In the lead-up to Hong Kong reverting to full Chinese sovereignty, observers were concerned that the Communist Party of China (CPC) would not adhere to the terms of the agreement; and would, in turn, fail in preserving the rights and freedoms Hong Kong and its people. The controversial extradition bill pursued by pro-Beijing Hong Kong officials, stems from Hong Kong resident Chan Tong-kai's murder of his pregnant girlfriend Poon Hiu-wing during a Valentine's Day trip to Taiwan. The bill that would allow extradition from Hong Kong to mainland China has been rendered as an attack on the independent legal system of the SAR, and has germinated an unprecedented turnout of protesters that confirms earlier suspicion and fear about Beijing's intentions after the reacquisition of Hong Kong.

Critics point to the CPC's support of the extradition bill and changes to the independent legal system as authoritarian overreach. In effect, a person who is found guilty of a crime that took places year or decades ago could be tried and convicted in mainland China. Critics also contend that changes to the legal system could serve as instruments of the CPC for the suppression of political opposition, criticism, and dissent. Against the backdrop of calls for Hong Kong's chief executive, Carrie Lam, to resign over the proposed bill, which has since been suspended, Hong Kong citizens are calling for the bill to be scrapped entirely. Many oppose accusations by the Hong Kong government that student protestors from the previous week were engaged in rioting, which is punishable by a prison sentences of up to 10 years.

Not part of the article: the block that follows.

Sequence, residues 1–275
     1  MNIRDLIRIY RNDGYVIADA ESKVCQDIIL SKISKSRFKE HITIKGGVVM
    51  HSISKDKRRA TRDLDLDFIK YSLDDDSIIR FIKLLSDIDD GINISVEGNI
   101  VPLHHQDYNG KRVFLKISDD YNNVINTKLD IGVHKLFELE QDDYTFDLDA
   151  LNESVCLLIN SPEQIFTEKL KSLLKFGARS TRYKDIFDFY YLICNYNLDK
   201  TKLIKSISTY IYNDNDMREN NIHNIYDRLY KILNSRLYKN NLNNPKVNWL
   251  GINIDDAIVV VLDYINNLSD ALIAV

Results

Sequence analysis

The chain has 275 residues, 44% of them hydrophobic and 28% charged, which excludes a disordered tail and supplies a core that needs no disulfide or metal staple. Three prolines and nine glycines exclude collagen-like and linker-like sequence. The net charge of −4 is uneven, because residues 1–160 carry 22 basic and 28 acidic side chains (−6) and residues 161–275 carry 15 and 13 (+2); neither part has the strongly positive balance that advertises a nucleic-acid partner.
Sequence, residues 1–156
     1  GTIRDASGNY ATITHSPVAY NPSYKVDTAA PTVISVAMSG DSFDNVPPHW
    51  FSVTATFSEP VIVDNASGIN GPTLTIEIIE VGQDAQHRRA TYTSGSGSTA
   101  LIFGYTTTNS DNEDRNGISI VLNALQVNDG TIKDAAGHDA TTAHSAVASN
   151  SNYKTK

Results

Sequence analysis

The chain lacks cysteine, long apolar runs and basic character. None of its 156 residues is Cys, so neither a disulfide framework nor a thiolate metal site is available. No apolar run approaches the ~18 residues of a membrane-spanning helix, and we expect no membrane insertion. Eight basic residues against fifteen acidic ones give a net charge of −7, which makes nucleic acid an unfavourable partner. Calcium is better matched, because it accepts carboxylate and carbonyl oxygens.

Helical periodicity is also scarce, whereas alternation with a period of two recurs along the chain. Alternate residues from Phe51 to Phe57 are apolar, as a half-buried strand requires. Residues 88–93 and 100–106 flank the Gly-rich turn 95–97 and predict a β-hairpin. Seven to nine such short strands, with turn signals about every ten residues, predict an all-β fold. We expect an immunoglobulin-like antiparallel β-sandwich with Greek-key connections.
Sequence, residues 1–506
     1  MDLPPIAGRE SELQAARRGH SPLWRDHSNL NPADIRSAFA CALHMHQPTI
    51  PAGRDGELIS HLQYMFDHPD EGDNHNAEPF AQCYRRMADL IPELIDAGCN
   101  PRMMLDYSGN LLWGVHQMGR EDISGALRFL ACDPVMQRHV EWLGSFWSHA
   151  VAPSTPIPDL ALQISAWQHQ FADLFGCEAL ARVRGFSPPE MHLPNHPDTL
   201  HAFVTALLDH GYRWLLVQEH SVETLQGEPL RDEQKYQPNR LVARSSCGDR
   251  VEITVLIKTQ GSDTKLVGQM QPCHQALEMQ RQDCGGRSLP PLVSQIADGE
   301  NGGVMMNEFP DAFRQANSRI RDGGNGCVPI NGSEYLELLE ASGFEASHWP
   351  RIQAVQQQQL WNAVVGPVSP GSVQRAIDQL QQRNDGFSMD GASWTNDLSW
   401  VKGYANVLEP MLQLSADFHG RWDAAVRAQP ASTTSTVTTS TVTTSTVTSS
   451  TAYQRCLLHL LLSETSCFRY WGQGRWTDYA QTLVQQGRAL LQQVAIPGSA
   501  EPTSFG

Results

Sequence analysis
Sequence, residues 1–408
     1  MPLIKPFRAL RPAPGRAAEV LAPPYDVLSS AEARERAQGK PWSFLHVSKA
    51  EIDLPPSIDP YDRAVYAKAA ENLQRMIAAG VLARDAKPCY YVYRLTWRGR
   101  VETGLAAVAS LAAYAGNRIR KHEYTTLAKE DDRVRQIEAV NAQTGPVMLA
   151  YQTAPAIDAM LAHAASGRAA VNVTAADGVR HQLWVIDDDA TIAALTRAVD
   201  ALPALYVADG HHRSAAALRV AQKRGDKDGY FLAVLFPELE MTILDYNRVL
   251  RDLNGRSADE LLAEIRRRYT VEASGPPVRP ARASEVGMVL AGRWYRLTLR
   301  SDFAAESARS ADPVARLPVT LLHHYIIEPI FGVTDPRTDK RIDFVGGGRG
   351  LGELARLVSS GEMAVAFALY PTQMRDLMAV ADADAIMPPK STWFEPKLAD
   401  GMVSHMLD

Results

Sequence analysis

It is useful to maintain a sense of legal responsibilities in this case, for Beijing and for observers, including advocacy groups/networks, and foreign governments. By and large, the protests represent a legal issue. Protestors in Western countries can be subject to legal repercussions that include jail time and fines if they are shown to be complicit in the damage or destruction of private and public property or cause bodily harm to others, particularly law enforcement personnel. In a sense, Beijing has put the rule of law, as a direct response to the protests, at a relatively high level and through proportional means - a verity that should garner some degree of respect by foreign governments of sovereign states, irrespective of their democratic character.